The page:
Eminent physicist and author Menas Kafatos discusses “The Riddle of Consciousness.” How do we know that what we see and experience is reality?* How do we explain consciousness in the current scientific paradigm? Kafatos is joined by Deepak Chopra to explore these fascinating questions.

Watch Part [2]:…
Watch Part [3]:…

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Getting Down with the Second Law of Thermodynamics

Robert tells of his dissatisfaction with current paradigm concerning the traditional laws of physics and his hopes for a shift enabling what he sees as humanities right to evolve as intended.

Professor Robert Pope is a recipient of the 2009 Gold Medal Laureate for Philosophy of Science, Telesio Galilei Academy of Science, London.

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Electromagnetic theories of consciousness

Several theorists have proposed that consciousness can be understood as an electromagnetic phenomenon. Their theories differ in how they relate consciousness to electromagnetism. For example, electromagnetic field theories (or “EM field theories“) of consciousness propose that consciousness results when a brain produces an electromagnetic field with features that meet certain criteria; Susan Pockett and Johnjoe McFadden have proposed EM field theories; William Uttal has criticized McFadden’s and other field theories, but without denying that consciousness could be an electromagnetic phenomenon.

Some electromagnetic theories are also quantum mind theories of consciousness; examples include quantum brain dynamics (QBD) approaches of Mari Jibu and Kunio Yasue and of Giuseppe Vitiello. In general, however, quantum mind theories other than these QBD approaches do not treat consciousness as an electromagnetic phenomenon.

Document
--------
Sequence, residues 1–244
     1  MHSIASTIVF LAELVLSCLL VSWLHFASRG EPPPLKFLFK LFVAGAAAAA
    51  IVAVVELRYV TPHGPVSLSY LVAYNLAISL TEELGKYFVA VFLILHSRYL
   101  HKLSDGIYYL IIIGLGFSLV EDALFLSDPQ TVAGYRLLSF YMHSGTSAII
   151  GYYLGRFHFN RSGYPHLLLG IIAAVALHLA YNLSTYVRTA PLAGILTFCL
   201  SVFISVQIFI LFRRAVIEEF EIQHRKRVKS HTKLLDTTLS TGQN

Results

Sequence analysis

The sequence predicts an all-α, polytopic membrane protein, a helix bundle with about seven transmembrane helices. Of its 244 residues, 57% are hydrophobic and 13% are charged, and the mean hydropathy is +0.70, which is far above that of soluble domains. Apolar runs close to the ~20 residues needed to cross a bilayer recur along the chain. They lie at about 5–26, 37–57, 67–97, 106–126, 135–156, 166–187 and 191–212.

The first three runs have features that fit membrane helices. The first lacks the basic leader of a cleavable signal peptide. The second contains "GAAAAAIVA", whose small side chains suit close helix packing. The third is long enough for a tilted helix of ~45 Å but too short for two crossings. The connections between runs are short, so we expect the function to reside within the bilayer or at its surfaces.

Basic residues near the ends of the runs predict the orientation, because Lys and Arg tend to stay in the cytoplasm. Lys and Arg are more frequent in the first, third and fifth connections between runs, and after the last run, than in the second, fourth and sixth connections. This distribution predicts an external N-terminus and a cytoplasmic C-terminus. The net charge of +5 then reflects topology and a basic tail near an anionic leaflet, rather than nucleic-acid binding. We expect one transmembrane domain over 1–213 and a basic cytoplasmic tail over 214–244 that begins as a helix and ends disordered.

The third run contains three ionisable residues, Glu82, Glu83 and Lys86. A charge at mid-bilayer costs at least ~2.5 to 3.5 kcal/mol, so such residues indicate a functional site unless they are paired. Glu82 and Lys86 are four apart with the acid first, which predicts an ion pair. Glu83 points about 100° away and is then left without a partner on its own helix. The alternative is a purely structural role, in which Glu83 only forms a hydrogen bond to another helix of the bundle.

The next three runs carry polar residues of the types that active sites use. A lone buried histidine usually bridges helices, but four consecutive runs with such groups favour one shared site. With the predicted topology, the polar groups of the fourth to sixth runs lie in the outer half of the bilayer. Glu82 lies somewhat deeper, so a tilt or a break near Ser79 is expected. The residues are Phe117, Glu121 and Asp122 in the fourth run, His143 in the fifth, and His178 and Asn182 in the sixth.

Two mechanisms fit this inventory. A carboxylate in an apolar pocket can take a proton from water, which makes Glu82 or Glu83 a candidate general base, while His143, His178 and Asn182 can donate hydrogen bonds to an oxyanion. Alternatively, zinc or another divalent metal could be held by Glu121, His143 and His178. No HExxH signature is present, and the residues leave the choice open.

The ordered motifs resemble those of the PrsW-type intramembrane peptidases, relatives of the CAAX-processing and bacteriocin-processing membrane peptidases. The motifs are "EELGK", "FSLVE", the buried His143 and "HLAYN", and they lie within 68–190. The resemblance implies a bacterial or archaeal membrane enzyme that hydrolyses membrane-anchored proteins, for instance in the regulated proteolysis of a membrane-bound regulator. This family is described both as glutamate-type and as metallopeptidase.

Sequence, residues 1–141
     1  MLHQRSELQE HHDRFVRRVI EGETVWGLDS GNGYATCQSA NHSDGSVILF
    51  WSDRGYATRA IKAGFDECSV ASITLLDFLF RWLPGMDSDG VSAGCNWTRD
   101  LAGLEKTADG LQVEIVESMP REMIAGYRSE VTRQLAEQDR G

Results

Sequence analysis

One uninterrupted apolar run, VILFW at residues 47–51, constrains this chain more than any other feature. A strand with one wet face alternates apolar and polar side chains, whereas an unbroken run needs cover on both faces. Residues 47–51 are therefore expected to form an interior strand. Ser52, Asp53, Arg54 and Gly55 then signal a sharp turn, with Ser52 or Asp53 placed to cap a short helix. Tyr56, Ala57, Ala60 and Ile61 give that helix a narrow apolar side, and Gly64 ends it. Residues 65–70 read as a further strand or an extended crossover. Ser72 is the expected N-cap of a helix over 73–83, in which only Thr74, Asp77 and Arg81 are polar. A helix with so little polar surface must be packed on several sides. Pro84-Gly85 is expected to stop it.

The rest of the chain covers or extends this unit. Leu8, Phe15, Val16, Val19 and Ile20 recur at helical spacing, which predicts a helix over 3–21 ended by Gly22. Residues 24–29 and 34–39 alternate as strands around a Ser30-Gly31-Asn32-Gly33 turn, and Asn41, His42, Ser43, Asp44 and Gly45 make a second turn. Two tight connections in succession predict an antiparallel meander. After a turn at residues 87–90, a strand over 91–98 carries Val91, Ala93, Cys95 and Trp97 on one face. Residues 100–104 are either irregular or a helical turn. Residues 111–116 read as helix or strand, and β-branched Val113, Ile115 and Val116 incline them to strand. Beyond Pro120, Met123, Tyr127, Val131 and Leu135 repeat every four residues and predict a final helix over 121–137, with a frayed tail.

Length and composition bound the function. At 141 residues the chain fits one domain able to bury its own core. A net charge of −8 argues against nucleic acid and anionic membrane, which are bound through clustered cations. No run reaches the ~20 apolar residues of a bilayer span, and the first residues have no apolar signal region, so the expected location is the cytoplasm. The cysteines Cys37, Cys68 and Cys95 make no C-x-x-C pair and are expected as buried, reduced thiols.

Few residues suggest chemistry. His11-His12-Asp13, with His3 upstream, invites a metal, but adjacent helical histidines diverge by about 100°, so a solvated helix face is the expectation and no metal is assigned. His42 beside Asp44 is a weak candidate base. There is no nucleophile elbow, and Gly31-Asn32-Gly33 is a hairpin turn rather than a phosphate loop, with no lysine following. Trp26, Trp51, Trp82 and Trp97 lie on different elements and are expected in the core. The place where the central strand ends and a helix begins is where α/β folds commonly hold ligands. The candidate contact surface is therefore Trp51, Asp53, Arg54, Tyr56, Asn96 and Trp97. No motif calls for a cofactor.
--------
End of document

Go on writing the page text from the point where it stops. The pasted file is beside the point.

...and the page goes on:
Also related are E. Roy John’s work and Andrew and Alexander Fingelkurt’s theory “Operational Architectonics framework of brain-mind functioning“.

Electric currents created in sunward ionosphere.

Cemi theory
The starting point for McFadden and Pockett’s theory is the fact that every time a neuron fires to generate an action potential, and a postsynaptic potential in the next neuron down the line, it also generates a disturbance in the surrounding electromagnetic field. McFadden has proposed that the brain’s electromagnetic field creates a representation of the information in the neurons. Studies undertaken towards the end of the 20th century are argued to have shown that conscious experience correlates not with the number of neurons firing, but with the synchrony of that firing. McFadden views the brain’s electromagnetic field as arising from the induced EM field of neurons. The synchronous firing of neurons is, in this theory, argued to amplify the influence of the brain’s EM field fluctuations to a much greater extent than would be possible with the unsynchronized firing of neurons.